Much like people, organizations have preferences and imperatives that influence everything from their willingness to take on risk to their hiring decisions. Most commonly referred to as “corporate culture,” this amalgam of factors represents not only the way an organization works internally, but how it projects itself to the outside world.
Culture is also an increasingly common point of scrutiny for financial institutions in the post-recession era. The impetus to focus on good culture is no longer just an internal call; regulators have been weighing in on culture too, aware of its power to remove conflicts of interest, protect clients, and maintain the integrity of the market.
In a recent survey of over 1,000 high net worth individuals (HNWIs), FactSet and Scorpio Partnership looked at what clients considered important to their wealth managers’ corporate culture initiatives and where they believed regulators should guide the development of those initiatives.
Wealth Manager Obligations
From the HNWI perspective, while cultural disparities are inevitable in organizations of different size, shape, and focus, good culture should anchor on a distinct set of values. The values HNWIs most commonly indicated were requirements of a wealth manager were honesty, transparency, and integrity.
Among those values, transparency directly tied to HNWIs’ increasing requirements for frequent interaction, updates, and technologies that supported communication. Fifty-eight percent of respondents globally consider operational transparency an important evidence point for their wealth manager’s performance; 57% of investors said the same for transparency into the investment process.
HNWIs see their wealth management firms as directly accountable for improving culture, rather than culture falling to individuals within the firm, political leaders in their respective nation, or the HNWI community. What’s more, 61% said their wealth manager should be directly responsible for fostering this value internally.
As with other financial institutions, wealth management firms are seeing increased pressure from clients and regulators to implement codes of conduct that create corporate cultures focused on ethical operations that put consumers first. That being said, the HNWI community is also warming to the idea of regulation providing a minimum bar for culture.
According to our survey, HNWIs are looking to regulators to support wealth managers on culture by offering guiding positions, but shying away from punitive action for poor performance. A strategy geared towards self-governance is the message delivered by regulatory agencies to wealth managers, and this was found to be echoed by the clients in the survey.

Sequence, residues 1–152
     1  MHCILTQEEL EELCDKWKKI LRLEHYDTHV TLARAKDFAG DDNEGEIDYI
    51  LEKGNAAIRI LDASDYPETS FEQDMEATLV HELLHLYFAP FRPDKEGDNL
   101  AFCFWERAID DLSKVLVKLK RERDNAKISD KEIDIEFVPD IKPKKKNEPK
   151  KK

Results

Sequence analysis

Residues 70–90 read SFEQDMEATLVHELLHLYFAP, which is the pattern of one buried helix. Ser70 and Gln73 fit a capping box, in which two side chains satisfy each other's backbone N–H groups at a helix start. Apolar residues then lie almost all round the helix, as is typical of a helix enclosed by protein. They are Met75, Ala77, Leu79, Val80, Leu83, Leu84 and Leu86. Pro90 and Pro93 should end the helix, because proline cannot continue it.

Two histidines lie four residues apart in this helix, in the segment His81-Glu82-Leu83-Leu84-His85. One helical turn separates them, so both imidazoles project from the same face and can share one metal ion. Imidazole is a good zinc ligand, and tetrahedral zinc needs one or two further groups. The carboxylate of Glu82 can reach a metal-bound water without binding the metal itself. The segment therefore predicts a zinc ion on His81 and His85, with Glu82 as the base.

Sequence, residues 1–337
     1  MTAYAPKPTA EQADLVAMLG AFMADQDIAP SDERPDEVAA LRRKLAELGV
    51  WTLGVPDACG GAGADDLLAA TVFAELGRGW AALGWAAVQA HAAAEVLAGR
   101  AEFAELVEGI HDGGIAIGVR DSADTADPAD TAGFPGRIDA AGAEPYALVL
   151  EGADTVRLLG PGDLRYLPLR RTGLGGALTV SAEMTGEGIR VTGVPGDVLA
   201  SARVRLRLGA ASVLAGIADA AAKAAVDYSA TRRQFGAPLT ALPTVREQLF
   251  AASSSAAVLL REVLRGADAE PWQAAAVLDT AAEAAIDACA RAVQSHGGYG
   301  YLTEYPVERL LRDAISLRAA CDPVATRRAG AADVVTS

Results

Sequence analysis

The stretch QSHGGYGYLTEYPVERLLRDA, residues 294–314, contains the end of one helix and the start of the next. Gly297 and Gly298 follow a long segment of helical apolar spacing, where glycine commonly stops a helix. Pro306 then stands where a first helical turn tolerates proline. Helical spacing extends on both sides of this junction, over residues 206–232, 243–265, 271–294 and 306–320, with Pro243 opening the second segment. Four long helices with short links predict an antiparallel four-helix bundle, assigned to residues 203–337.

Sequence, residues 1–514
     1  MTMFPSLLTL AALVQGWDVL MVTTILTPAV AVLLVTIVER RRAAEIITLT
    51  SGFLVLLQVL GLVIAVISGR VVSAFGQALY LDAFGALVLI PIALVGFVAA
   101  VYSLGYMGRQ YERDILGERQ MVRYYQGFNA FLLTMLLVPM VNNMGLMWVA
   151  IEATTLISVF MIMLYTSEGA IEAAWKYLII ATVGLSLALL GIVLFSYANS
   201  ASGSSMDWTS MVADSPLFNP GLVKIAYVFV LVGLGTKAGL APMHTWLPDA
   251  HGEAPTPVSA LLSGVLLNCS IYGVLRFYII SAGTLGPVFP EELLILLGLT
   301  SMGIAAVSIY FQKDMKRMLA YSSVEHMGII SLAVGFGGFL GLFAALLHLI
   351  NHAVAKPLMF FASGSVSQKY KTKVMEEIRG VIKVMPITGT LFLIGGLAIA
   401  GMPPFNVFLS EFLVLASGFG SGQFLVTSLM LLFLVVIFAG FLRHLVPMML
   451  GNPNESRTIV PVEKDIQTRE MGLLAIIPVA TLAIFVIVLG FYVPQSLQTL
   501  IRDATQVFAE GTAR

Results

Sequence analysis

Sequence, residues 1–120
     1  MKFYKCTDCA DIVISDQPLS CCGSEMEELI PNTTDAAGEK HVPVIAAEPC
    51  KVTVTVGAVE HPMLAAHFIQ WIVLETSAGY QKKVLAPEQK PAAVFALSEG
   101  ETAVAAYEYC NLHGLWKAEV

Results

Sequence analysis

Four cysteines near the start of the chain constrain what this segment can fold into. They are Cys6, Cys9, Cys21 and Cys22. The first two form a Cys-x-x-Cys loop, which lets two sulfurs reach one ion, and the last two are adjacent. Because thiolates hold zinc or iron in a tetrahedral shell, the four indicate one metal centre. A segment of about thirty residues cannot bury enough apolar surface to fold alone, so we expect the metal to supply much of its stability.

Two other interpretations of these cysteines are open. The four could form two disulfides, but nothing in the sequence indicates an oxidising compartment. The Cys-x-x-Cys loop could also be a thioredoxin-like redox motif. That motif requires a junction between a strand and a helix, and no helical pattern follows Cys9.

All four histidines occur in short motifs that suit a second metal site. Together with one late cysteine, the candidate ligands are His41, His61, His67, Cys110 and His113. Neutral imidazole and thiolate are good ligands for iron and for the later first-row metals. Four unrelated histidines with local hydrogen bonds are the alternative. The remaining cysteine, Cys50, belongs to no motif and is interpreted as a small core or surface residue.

For most HWNIs, the regulator’s function is technical; 86% of the HNWIs surveyed said regulatory efforts should be directed towards minimizing risk for end clients by ensuring firms have secure technology in place to safeguard money. This is not surprising given increased focus on cybersecurity in nearly every aspect of modern life.
Additionally, four in every five respondents also believed regulators should ensure the investment recommendations of wealth managers match the personal objectives of clients.
A generational mind-set shift also hints at the evolving expectations of investors regarding regulation. Younger HNWIs expect the industry watchdog to police client outcomes by ensuring firms can prove their investment process and pay advisors based on client engagement levels. This attitude is not limited to younger HNWIs, extending to the core wealth management client community between the ages of 35 and 54.
By contrast, baby boomer investors believe fostering greater transparency over product and service pricing and ensuring that advisors are sufficiently qualified should be a regulatory focus, with over 80% considering transparency critical. There is a sense that transparency has become something of a hygiene factor for younger investors, who believe that the regulating authority should be reorienting its focus to enforcing client-centricity.
While wealth firms have attempted to cultivate culture that considers these values by implementing ethical codes to which their advisors must adhere, respondents felt that such codes represented minimum standards of conduct rather than anything to excite and inspire positive action.
In order to win business and differentiate themselves in an increasingly competitive industry, wealth managers need to implement guidelines that go above and beyond the standards set by regulators.
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Article by Greg King, FactSet